A few weeks ago, I took the bus from Munich to Berlin to enjoy a long weekend with some friends from Texas who were in town. Rachel and Denise were doing a 2-week Europe tour and their only stop in Germany was in Berlin, so I thought that would be a fun excuse to head up there and see them.
The only other time I visited Germany’s capitol city was back in 2010 when my cousin Margo and I did a backpacking trip together around Europe. That experience was also only for a few days, so I was excited to explore a little more of the city.
We all arrived late Thursday evening and after checking into our hostel, we set out to find somewhere to eat a late dinner. We found a decently priced Italian place and got some delicious pizzas that we ate while catching up on each other’s lives. The girls were also excited about trying a German beer, so we all order Radlers, the typically Bavarian specialty that is beer mixed with lemon-lime flavored soda… very refreshing!
Our hostel had a rooftop bar with a beautiful outdoor terrace that included a great view of Berlin’s skyline. After dinner, we decided to head up to check it out. Unfortunately, the outdoor part is only open in the evenings and was already closed for the night (which is probably due to noise complaints- it was so loud!), so we hung out for a little bit before retiring early for our first night.
Friday we got up and found a cute café for lunch before heading to Pariser Platz to start our walking tour of the city. I actually did this exact tour 3 years ago, but I had enjoyed it a lot and learned so much about Berlin that I thought it would be a great way for Rachel and Denise to see all the big sites and hear about the history of the city. The tour company, Sandeman’s New Europe, does free walking tours in most big cities across Europe. The guides earn their pay solely on tips received at the end of the tour, so as a result, they give GREAT tours. All of the guides are enthusiastic, funny and tell great stories that you probably wouldn’t otherwise hear if you were exploring the city yourself. It’s about a 3-hour tour, with a break in the middle, and you visit all of the big tourist attractions. It also gives you a good idea of things you would like to come back and revisit on your own if you need more time. If you are ever in a city that does a New Europe tour, I highly recommend it! We really enjoyed ours and it helped that the weather cooperated all weekend long, giving us beautiful sunny, warm days.
After the tour, we took a break and hung out in front of the Berliner Dom, then finally decided to go to the top of the Fernsehturm (TV Tower) to see the panoramic view of Berlin. It costs 12 Euros to go to the top, which I thought was a little pricy. However they do have a restaurant and bar at the top, so if you went at sunset and made a whole evening out of it, it might be worth it. It’s still a pretty nice view from the top, though, and something I hadn’t done before, so it was a cool experience.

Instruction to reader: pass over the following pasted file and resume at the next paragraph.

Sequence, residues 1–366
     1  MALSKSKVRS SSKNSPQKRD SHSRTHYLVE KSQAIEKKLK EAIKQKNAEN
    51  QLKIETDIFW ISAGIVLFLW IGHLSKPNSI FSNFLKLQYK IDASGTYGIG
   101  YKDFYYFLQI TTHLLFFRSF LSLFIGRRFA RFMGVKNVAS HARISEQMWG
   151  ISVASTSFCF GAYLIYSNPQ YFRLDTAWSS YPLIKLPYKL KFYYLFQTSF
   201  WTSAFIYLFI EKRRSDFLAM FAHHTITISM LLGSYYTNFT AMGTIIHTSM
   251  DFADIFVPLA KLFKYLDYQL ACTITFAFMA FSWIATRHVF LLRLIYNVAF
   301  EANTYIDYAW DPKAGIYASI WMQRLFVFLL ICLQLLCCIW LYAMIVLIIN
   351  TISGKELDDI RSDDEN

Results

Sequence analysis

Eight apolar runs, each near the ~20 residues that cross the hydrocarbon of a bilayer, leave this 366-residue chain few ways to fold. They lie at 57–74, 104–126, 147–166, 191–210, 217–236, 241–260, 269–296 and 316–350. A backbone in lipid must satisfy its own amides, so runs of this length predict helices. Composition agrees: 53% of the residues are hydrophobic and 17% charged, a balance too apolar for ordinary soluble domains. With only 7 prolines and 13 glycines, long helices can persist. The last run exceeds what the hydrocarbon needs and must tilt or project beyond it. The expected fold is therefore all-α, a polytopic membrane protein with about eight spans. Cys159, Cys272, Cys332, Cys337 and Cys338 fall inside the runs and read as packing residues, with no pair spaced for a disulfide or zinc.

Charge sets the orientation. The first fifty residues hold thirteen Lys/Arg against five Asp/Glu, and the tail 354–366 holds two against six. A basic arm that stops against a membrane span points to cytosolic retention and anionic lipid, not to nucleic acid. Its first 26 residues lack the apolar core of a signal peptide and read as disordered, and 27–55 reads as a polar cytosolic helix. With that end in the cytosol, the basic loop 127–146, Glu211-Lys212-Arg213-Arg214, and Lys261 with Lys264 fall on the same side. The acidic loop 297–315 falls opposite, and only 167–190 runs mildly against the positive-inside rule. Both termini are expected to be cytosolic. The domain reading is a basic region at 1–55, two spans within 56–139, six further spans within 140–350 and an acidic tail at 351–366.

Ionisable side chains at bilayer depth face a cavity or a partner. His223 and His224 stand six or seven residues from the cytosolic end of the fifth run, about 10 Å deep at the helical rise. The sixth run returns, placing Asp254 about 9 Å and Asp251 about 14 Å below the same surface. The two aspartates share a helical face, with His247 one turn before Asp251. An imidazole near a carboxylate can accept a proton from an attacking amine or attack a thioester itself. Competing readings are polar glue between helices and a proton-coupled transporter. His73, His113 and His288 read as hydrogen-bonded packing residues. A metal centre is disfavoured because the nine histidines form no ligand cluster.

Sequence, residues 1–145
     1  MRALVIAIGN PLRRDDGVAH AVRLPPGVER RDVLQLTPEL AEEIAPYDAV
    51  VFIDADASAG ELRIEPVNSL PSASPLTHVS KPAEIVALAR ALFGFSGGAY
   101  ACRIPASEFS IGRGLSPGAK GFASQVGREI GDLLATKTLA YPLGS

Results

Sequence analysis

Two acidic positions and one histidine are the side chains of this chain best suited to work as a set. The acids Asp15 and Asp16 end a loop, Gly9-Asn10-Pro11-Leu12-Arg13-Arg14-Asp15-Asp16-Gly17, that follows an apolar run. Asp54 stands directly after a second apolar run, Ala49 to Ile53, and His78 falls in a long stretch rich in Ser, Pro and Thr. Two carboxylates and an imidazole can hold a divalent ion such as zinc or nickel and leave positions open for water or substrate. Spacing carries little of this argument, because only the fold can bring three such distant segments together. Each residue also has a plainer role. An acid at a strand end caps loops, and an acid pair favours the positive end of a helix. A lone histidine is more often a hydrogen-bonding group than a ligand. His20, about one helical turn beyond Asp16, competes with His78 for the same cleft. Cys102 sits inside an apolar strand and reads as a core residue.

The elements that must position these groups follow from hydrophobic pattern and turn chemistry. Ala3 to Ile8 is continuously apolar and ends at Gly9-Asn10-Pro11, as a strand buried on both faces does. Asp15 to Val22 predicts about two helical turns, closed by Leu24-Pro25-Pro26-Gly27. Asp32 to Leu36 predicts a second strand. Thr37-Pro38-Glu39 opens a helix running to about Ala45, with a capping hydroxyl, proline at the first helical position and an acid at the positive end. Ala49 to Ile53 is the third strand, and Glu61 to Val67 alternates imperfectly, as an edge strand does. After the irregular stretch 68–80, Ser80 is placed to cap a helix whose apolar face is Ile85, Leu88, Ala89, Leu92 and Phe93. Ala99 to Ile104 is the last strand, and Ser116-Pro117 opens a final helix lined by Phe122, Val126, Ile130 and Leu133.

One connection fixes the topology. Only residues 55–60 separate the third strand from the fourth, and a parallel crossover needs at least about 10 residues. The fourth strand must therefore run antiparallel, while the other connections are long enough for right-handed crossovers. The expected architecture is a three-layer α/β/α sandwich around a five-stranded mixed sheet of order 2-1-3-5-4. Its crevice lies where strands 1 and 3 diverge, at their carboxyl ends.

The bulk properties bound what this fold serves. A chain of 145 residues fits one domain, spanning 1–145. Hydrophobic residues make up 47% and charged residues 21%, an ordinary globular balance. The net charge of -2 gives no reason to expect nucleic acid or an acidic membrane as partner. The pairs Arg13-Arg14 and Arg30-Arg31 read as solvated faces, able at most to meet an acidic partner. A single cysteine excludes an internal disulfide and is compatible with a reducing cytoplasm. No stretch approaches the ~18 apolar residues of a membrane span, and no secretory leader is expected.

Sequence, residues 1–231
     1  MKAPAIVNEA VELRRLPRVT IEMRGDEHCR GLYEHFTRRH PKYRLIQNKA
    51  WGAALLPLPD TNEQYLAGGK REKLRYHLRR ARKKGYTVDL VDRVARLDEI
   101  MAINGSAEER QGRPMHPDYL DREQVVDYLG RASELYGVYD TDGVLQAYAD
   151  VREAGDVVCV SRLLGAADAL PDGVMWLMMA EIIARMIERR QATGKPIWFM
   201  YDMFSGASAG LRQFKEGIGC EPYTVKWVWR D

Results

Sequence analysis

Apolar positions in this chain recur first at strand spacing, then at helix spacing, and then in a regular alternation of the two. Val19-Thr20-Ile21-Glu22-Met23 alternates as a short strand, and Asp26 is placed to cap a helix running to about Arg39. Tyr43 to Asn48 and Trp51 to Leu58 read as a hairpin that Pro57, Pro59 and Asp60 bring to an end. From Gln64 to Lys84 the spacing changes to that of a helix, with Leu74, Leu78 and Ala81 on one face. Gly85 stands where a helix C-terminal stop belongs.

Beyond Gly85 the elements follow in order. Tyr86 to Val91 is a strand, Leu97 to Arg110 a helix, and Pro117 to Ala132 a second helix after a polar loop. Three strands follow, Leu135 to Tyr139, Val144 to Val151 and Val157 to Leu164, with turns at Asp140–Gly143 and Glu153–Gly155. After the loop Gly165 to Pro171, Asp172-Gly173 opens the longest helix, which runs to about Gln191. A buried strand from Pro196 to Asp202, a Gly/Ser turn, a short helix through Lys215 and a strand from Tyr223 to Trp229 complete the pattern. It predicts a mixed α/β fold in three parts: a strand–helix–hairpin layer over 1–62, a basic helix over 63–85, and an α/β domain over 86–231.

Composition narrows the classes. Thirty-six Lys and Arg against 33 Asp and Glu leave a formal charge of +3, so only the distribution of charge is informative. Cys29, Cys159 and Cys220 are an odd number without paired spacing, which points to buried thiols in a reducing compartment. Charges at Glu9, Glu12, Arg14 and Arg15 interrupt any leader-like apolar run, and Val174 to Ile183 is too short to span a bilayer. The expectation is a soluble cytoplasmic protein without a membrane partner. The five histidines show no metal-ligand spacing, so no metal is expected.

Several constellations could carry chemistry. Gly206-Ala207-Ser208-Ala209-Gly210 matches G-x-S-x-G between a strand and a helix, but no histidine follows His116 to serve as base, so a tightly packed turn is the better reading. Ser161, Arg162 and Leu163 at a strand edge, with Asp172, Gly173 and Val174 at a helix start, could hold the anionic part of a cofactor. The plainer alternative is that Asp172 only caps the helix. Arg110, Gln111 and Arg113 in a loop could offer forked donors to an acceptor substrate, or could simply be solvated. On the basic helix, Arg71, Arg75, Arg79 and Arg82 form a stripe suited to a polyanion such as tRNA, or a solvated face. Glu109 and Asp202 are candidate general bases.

That night we decided to head out into the city. Berlin is pretty famous for having a crazy nightlife… the kind where it’s common to come home after the sun has already risen. We weren’t that hardcore, but we did still have a good time. Rachel, Denise and I had made friends with some people in our hostel who were celebrating a guy’s birthday, so we joined the group and experienced a couple of Berlin’s bars and clubs. I had to speak German with the bouncers to get us into both places (they are super weird about who they let in…. and are very particular about how you’re dressed… it’s the exact opposite of Dallas- the grungier/more alternative you are, the better. We did not fit this mold!) I even had to pretend we weren’t with some people in our group who the bouncers didn’t like so that we could still get in! Oops! I guess that’s what they get for not speaking German. It was an interesting night but we can now say we have successfully had a night out in Berlin.
Saturday we ventured down to the East Side Gallery—the longest stretch of the Berlin Wall still standing covered in beautiful graffiti, some of it kind of random, and some of it displaying meaning and symbolism. We walked along the wall and took LOTS of pictures.
Another friend of mine came in town that afternoon, so we met up with him and all headed to see the Siegessäule (Victory Column), a large column in the middle of the Tiergarten (Berlin’s largest park), with a golden statue of an angel on top. There is definitely some historical significance and I honestly do not remember what it was, but if you want to know about it, you can read the Wikipedia page for it here. We climbed the 285 steep stairs to the viewing platform at the top, and enjoyed the beautiful views of Berlin and the Tiergarten from above.
After lots of walking (and even more step climbing), we all went to dinner at a very typical German restaurant. It was a little touristy, but Rachel and Denise needed to experience at least one traditional German meal (aside from the bratwursts we had already bought from street vendors), so it was perfect for that.
The next morning, we all checked out of the hostel and had a Sunday brunch together before taking Rachel and Denise to the airport, where they continued on to Zurich. It was a really fun weekend and I was so glad to share it with some Texas friends!